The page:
Then, upon the velvet sinking,

I betook myself to linking

Fancy unto fancy, thinking

What this ominous bird of yore–

What this grim, ungainly, ghastly,

Gaunt, and ominous bird of yore

Meant in croaking “ Nevermore.”

This I sat engaged in guessing,

But no syllable expressing

To the fowl whose fiery eyes now

Burned into my bosom’s core;

This and more I sat divining,

With my head at ease reclining

On the cushion’s velvet lining

That the lamplight gloated o’er,

But whose velvet violet lining,

 With the lamplight gloating o’er,

She shall press, ah, nevermore!

Then methought the air grew denser,

Perfumed from an unseen censer

Swung by angels whose faint footfalls

Tinkled on the tufted floor.

“Wretch,” I cried, “thy God hath lent thee

By these angels he hath sent thee

Respite–respite and Nepenthe

From thy memories of Lenore!

Let me quaff this kind Nepenthe,

And forget this lost Lenore!”

Quoth the Raven, “Nevermore.”

“Prophet!” said I, “thing of evil!–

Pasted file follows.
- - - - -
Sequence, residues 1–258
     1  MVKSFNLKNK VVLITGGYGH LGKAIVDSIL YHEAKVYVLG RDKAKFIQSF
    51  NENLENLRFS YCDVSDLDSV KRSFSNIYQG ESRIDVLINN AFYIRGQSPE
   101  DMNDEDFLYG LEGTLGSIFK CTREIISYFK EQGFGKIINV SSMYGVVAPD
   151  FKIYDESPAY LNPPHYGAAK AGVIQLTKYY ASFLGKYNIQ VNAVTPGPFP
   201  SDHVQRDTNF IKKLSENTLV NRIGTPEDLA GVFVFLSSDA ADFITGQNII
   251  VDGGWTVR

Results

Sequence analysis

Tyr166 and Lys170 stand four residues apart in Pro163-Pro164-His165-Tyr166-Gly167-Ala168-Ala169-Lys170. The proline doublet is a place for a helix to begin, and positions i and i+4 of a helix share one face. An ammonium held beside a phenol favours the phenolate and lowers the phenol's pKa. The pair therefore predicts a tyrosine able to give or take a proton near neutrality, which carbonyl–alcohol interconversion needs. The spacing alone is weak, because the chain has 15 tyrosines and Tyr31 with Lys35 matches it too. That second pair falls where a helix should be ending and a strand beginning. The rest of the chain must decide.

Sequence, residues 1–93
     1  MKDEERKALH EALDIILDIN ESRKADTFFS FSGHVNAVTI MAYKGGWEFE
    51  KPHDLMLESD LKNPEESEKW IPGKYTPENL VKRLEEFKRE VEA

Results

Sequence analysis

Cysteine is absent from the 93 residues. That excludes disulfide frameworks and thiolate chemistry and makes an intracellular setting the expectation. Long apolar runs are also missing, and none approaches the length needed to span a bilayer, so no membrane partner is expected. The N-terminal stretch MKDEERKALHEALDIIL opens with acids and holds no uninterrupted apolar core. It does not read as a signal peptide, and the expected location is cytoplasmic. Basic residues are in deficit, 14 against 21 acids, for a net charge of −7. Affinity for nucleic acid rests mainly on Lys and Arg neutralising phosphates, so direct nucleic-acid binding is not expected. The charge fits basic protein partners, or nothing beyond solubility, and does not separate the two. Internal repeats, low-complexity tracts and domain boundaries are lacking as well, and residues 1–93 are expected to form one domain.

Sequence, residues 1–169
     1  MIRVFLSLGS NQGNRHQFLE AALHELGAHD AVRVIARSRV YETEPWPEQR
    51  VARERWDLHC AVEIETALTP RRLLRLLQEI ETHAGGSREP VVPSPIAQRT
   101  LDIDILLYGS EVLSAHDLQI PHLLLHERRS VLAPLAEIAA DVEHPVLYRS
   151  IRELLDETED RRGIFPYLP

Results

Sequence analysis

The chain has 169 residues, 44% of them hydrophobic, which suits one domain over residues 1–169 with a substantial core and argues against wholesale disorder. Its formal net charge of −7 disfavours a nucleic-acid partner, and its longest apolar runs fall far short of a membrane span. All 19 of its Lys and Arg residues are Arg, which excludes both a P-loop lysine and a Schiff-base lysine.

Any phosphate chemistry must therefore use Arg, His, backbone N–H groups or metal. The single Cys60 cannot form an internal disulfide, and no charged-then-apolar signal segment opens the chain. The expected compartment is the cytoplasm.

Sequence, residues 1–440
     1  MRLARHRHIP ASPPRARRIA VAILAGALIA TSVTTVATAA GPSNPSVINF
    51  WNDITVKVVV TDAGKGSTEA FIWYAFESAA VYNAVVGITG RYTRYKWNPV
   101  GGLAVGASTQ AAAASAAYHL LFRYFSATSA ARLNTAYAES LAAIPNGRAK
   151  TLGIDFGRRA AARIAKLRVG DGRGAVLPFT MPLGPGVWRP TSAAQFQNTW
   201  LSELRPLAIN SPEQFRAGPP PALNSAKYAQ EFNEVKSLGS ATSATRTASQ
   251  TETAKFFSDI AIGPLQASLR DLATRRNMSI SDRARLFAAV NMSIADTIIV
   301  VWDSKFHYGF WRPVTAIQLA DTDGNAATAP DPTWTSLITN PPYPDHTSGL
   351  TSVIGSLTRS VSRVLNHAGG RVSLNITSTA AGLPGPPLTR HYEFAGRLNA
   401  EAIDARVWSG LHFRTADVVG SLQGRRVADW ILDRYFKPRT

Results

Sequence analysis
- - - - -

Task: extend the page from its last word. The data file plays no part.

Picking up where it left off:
Prophet still, if bird or devil!–

Whether Tempter sent, or whether

Tempest tossed thee here ashore,

Desolate, yet all undaunted,

On this desert land enchanted–

On this home by Horror haunted–

Tell me truly, I implore–

Is there,–is there balm in Gilead?–

Tell me–tell me, I implore!”

Quoth the Raven, “ Nevermore.”

“Prophet!” said I, “thing of evil!–

Prophet still, if bird or devil!–

By that Heaven that bends above us–

By that God we both adore–

Tell this soul with sorrow laden

If, within the distant Aidenn,

It shall clasp a sainted maiden

 Whom the angels name Lenore–

Clasp a rare and radiant maiden

Whom the angels name Lenore.”

Quoth the Raven, “ Nevermore.”

Leave no black plume as a token

Of that lie thy soul hath spoken!

Leave my loneliness unbroken!–

Quit the bust above my door!

Take thy beak from out my heart, and

 Take thy form from off my door!”

Quoth the Raven, “Nevermore.”

And the Raven, never flitting,

Still is sitting, still is sitting

On the pallid bust of Pallas

Just above my chamber door;

And his eyes have all the seeming

Of a demon’s that is dreaming,

And the lamplight o’er him streaming

Throws his shadow on the floor,